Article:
Courts Continue to Pierce the Veil

Typically, a corporation’s owners, managers and employees are not personally liable for the debts and obligations of the company. As with every rule, there are exceptions to the corporate liability shield rule. One such exception is known as “piercing the corporate veil.” Courts will disregard the corporate shield and hold individuals liable for corporate debts if they abuse the corporate form by using the corporation as a mere conduit for their individual interests. Normally, piercing the corporate veil is no easy task because it is viewed as an extreme remedy and the aggrieved party must prove the abuse by clear and convincing evidence. That said, recently, a court did not hesitate to pierce the veil.

The case…

In a recent case, the defendants convinced the plaintiffs to lend money to a corporation. The defendants stated that a portion of the company’s revenues would be donated to charities. In fact, the defendants used the money for their personal interests, including the purchase of a recreational vehicle that was titled in the name of one of the defendants, individually. In addition, the defendants failed to separate business and personal funds, create any degree of formal corporate structure, or observe any other corporate formalities. The trial court ultimately concluded that the corporation was merely a facade for the defendants’ personal gain and held the defendants personally liable for repayment of the loan.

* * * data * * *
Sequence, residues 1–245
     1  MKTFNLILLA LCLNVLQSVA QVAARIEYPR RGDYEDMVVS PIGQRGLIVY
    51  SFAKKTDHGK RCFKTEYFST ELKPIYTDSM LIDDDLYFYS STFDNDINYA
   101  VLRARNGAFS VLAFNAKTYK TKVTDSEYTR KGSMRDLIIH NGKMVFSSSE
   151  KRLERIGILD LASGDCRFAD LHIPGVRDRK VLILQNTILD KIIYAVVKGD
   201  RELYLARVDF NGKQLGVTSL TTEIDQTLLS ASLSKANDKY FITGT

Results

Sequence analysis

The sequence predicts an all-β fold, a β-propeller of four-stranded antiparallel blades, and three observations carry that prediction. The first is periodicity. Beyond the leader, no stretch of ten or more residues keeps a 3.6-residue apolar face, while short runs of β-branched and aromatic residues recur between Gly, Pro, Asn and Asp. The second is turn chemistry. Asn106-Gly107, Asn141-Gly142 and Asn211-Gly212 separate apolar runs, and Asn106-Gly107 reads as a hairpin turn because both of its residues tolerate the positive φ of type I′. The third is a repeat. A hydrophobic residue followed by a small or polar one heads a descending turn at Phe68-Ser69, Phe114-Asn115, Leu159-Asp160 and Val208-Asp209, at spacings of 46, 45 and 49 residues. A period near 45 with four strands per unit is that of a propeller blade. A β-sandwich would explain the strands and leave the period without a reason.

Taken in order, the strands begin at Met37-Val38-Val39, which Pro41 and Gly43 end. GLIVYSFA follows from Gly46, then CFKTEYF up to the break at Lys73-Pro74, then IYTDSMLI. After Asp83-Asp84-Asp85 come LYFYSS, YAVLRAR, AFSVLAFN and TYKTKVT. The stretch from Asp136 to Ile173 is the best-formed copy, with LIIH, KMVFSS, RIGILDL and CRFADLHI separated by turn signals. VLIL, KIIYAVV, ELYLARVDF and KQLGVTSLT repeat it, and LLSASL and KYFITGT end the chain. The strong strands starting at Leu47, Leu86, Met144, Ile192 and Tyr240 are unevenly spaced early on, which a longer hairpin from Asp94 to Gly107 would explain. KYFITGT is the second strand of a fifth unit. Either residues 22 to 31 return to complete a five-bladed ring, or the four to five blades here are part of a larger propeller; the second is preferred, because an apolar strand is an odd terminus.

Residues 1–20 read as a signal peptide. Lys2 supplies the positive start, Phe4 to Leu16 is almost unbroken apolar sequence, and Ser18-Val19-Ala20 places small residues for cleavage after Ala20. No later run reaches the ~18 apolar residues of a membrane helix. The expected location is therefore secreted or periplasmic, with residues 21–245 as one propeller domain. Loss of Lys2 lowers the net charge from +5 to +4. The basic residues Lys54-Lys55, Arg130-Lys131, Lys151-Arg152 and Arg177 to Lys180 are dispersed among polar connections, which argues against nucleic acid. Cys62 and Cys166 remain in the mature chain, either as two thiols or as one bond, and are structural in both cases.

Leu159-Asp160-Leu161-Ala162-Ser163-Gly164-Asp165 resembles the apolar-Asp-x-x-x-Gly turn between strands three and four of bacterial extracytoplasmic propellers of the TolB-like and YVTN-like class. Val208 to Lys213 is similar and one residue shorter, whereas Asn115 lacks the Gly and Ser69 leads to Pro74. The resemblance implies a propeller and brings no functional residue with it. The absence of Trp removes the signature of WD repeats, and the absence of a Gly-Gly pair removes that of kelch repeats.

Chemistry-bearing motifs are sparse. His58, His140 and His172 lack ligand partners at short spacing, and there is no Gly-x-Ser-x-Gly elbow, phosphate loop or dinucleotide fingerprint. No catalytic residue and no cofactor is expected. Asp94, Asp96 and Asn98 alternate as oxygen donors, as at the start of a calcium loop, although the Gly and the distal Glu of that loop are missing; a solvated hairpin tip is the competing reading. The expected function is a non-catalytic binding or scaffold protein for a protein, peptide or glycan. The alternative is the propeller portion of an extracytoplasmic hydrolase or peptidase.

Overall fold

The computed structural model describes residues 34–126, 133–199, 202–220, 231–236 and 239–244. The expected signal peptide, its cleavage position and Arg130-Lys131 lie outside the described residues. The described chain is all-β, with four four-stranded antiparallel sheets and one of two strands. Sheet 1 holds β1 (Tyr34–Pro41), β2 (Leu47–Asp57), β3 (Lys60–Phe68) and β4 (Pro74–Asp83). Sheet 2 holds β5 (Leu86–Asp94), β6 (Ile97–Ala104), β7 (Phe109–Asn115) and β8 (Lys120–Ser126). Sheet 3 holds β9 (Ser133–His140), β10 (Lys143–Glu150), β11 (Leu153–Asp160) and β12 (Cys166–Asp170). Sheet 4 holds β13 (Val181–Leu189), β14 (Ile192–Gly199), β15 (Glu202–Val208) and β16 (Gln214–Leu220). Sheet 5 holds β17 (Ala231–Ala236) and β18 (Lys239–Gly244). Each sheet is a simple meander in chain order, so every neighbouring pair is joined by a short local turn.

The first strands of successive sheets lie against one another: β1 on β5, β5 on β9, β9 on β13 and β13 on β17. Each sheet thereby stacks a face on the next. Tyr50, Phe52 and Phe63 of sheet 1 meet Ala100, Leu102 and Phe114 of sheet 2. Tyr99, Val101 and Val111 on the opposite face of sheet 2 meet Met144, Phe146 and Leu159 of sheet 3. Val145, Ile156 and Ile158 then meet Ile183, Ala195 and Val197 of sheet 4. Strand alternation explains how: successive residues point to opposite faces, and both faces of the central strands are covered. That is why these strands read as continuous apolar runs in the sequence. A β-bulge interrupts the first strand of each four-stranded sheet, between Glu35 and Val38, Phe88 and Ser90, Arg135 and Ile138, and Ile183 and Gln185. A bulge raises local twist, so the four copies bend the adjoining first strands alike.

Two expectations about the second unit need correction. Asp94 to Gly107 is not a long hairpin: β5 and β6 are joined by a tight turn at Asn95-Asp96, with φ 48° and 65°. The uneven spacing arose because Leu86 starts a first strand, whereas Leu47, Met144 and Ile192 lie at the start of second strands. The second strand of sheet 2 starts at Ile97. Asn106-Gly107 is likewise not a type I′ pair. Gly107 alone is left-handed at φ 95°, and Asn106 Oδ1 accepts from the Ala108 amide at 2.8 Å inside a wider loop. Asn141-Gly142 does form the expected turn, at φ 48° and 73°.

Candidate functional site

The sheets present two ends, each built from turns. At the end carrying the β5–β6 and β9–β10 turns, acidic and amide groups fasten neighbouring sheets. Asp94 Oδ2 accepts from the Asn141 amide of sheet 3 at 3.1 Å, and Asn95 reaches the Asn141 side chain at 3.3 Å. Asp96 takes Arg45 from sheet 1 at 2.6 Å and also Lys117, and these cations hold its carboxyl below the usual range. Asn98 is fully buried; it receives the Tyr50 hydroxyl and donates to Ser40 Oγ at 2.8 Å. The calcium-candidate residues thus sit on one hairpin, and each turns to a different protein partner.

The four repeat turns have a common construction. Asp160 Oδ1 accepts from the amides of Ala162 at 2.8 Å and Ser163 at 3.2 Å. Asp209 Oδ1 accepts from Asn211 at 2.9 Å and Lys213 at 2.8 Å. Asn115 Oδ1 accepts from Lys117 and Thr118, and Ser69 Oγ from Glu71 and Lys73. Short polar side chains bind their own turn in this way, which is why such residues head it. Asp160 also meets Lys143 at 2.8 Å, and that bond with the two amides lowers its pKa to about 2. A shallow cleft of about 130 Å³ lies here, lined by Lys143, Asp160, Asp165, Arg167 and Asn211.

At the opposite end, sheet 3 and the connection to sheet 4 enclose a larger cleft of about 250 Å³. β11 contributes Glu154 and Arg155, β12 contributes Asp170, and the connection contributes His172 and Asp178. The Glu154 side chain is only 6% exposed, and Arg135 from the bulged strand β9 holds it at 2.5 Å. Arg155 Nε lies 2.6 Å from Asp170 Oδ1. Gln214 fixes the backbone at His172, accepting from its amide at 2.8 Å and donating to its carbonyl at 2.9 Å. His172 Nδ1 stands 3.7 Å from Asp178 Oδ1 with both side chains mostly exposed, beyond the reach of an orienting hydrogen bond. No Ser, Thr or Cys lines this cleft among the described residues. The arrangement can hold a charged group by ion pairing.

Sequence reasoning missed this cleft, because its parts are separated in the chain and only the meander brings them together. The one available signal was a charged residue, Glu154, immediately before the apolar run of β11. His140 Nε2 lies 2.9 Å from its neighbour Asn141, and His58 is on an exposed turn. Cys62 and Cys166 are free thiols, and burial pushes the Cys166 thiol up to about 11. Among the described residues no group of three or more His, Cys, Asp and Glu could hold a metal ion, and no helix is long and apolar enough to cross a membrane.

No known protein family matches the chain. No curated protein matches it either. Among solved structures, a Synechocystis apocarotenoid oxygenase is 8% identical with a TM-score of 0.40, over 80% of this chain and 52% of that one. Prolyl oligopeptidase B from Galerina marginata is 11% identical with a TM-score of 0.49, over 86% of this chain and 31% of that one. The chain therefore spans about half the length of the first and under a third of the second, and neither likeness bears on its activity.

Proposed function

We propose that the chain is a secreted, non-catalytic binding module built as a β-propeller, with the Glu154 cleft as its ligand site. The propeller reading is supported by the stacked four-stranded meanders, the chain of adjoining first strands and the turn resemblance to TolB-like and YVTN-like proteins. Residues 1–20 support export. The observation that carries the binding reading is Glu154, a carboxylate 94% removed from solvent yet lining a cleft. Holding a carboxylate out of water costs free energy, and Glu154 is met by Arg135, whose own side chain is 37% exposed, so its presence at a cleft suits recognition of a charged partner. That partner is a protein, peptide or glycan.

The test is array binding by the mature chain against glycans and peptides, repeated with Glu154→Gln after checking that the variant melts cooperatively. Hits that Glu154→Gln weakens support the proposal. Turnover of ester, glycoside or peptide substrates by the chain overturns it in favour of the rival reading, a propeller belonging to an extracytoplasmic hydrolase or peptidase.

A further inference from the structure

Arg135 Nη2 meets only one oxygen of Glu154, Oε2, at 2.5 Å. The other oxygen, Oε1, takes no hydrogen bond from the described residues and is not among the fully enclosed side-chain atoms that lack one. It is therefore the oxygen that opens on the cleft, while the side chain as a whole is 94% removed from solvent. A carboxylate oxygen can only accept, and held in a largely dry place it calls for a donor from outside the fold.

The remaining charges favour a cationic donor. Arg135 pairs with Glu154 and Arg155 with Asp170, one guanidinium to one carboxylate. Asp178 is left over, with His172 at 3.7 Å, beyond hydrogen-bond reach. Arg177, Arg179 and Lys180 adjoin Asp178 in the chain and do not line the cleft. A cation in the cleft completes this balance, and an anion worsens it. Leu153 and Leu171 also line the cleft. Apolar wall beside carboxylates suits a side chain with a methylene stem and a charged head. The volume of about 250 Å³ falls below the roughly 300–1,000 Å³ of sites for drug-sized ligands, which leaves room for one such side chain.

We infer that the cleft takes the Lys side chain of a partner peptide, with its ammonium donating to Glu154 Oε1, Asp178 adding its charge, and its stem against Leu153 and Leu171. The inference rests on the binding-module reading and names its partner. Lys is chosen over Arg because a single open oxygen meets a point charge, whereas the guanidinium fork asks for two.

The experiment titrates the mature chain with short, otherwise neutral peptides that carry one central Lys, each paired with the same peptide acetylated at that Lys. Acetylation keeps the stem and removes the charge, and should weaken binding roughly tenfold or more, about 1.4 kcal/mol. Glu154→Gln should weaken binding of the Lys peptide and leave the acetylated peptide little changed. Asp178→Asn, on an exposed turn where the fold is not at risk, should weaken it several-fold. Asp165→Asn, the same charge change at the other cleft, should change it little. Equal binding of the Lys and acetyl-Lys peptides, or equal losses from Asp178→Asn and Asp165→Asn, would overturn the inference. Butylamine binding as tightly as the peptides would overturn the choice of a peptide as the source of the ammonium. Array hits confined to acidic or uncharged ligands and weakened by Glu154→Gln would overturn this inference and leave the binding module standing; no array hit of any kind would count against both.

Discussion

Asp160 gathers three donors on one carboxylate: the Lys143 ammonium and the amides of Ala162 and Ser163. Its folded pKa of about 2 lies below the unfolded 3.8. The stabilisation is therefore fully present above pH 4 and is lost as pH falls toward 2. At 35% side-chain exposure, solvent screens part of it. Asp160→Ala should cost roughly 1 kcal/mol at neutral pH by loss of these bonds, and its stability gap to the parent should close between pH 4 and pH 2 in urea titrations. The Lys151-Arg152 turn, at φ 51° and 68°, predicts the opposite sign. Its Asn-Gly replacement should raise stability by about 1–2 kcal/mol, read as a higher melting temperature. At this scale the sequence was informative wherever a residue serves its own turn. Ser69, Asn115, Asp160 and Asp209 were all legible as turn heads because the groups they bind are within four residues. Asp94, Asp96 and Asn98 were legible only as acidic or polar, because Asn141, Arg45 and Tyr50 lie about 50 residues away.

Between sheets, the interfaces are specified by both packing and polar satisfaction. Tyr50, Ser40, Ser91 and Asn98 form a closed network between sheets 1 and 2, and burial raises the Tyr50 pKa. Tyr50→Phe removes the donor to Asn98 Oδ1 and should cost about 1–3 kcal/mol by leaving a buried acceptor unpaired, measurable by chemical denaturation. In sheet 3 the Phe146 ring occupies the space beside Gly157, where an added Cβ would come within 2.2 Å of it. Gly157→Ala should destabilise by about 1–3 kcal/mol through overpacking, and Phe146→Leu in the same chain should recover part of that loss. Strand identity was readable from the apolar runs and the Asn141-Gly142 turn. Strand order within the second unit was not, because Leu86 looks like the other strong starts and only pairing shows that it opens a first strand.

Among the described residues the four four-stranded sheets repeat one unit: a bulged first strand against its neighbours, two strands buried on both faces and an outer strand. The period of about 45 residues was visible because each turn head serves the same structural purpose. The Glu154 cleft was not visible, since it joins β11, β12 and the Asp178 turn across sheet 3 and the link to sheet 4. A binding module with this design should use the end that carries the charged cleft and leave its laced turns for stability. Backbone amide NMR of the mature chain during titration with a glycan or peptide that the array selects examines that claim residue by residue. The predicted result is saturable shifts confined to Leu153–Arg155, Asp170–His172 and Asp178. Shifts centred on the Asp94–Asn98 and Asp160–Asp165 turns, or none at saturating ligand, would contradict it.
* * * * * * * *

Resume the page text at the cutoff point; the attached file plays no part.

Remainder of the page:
Although the corporate form provides a liability shield, courts are quite prepared to pierce the shield and hold individuals personally responsible for corporate debts when justice demands. Please feel free to contact me for more examples of veil piercing or this recent case, Longmuir v. Kickin’ It, Inc.

Barry F. Gartenberg, L.L.C.
Attorney at Law
505 Morris Avenue, Suite 102
Springfield, New Jersey 07081

DISCLAIMER: This BLOG post is provided solely for the general interest of the reader. It is not legal advice or opinion. Legal advice and opinion are provided by the firm only upon engagement with respect to specific factual situations.